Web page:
David Glenn races on a Daring for the start of Cowes Week

Saturday 6th August:

Being a thoroughly decent lot, the Daring fleet avoided
shouting about their 50th birthday this year in order not to detract
from the celebrations surrounding the XOD’s centenary. “Afterall, none of us
will be around when this class reaches its 100th,” noted David Gower
aboard whose Daring Dolphin I had the considerable pleasure of sailing on the
first day of Cowes Week.

For some reason I’ve always perceived this stunningly good
looking one design class as marginally elitist within the White Group, yachts
typically sailed by syndicates requiring a string of names to identify

But this is a misconception. The Daring, designed in 1961 by
Arthur Robb as an evolution of the one-time 5.5 Metre Olympic class enjoys its
increasing popularity precisely because she is economical to run, gives her
three to four person crew a considerable if wet work out in all conditions and
provides very satisfying racing indeed.

On Saturday there was a brief reference to comparisons with
women but I’ll gloss over that…

I was surprised to hear that running costs of about £6000 a
year (therefore £2000 a head in a typical syndicate) includes mooring, winter
lay-up, a scrubbing programme and just about everything else one needs for a
season of excellent racing. Lallow carry two spare masts, spinnaker poles and
other equipment to ensure damage doesn’t keep boats away from the racecourse
for long.

David Gower’s glassfibre Dolphin (the class owns the moulds)
sports a modified deck design which allows easier handling and a slightly
larger cockpit aperture. “I think it’s true to say that we’re all a bit bigger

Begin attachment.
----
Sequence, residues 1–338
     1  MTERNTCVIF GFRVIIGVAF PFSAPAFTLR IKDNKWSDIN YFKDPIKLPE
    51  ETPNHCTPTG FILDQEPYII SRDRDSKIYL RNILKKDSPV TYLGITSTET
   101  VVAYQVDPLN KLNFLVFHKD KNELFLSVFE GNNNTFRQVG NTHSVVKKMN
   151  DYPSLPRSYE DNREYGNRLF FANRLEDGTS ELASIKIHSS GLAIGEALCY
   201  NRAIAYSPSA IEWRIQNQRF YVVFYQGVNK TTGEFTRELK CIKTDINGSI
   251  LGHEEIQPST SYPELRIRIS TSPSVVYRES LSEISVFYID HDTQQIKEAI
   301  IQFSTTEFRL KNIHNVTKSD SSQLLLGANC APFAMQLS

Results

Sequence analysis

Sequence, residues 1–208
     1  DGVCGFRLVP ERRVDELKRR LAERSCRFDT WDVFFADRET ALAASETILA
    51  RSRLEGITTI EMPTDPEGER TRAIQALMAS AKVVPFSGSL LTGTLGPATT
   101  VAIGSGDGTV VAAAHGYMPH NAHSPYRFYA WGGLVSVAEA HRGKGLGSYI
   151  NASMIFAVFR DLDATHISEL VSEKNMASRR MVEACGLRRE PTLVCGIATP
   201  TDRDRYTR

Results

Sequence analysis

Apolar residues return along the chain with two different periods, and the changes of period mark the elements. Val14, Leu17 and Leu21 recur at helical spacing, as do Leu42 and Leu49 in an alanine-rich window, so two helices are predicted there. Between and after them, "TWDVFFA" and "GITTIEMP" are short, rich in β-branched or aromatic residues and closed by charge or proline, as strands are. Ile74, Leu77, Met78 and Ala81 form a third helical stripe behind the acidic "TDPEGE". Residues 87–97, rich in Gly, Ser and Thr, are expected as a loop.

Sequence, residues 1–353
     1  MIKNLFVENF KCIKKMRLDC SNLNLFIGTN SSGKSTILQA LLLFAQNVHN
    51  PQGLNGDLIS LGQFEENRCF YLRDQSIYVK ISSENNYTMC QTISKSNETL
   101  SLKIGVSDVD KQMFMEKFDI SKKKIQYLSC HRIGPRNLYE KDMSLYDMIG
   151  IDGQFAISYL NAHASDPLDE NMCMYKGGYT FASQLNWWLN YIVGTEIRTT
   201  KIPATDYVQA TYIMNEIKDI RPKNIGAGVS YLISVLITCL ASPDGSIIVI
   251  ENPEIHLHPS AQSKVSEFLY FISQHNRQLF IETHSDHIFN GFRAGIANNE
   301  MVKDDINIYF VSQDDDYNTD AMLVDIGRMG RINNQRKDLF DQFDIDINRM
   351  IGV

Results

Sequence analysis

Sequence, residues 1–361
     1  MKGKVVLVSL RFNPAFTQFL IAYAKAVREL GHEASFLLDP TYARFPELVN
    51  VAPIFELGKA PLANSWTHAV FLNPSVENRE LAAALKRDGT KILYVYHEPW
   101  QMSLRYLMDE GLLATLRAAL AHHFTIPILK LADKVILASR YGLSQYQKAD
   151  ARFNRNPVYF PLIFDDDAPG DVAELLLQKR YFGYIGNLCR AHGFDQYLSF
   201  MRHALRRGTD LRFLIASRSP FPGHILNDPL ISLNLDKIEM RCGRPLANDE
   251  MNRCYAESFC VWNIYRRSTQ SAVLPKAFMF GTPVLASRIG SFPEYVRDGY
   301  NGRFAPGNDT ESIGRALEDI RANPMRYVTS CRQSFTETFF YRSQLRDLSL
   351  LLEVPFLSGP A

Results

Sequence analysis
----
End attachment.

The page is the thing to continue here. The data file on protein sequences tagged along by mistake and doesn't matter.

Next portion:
than people were 50 years ago,” said David who also pointed out that the
requirements of the 5.5 Metre rule are hardly relevant today. He kept his keel,
rudder and rig from the original boat.

Readying Dolphin at her mooring and bending on her bulk
purchased, Chinese made sails – “we work hard at keeping costs down,” said
David – the Daring’s 2.5 ton displacement could be ‘felt’ beneath one’s feet.
She barely moved, her initial stability providing a welcome platform and a
refreshing change from a modern, twitchy machine. More importantly it means
that differences in crew weight are unlikely to effect performance to any
measurable degree.

We sailed just three up David, myself and kite-sailing
architect Kristi Roger. I was quite alarmed at Kristi’s petite stature but she
had the ‘front’ of the boat taped and her light-footed end-for-ending
thankfully kept the considerably less sure-footed heavyweight off the foredeck.

David admitted his tactics were mediocre choosing the middle
of the line for the west going start against the new flood which would have the
21-strong fleet short tacking along The Green in time honoured fashion. Also in
time honoured fashion were a number of groundings although when we hit I
reckoned we somehow gained a place as we didn’t fall back on the tide….

Concentration is everything and I particularly liked the
courteous manner in which helmsmen communicated with each other when calling for
water or room. It was Christian names all round often with a polite enquiry
about one’s health.

Deft tactics saw Dolphin wriggle free from the middle of the
fleet allowing boats ahead of us in the leading bunch, referred to by numbers -
“where’s 7? Keep an eye on 36, is that 3 out in front?” – to be lined up in our

Unlike the leaders, who misjudged their leap of faith into
the tide, we managed to lay Gurnard without tacking which enabled us to keep in
touch. We picked off a couple and then sailed what were effectively two
windward leewards in the area of Ryde Middle.

This is where the closeness of the boats really showed and
we had a right old battle with Steve Sleight sailing 4 – Audax. Despite some
shiftiness in the breeze the final beat to the finish was still about getting
out of the last of the flood and was a classic test of working wind and tide.
Audax misjudged this first and coming back on starboard we took a large chunk
out of her to lead.

Thinking we were now on an accelerating tidal magic carpet
to the finish we stayed out leaving Audax to slip inshore and, disastrously for
us, into much less tide, possibly even some early ebb. We were accordingly clobbered and had to settle for a 6th
with Dauntless, Defender, Decanter (dark red hull) and Dreamer ahead of us

Taking the helm as we sailed home I was amazed at the
yacht’s lightness and directional stability. It all added up to a very
rewarding experience.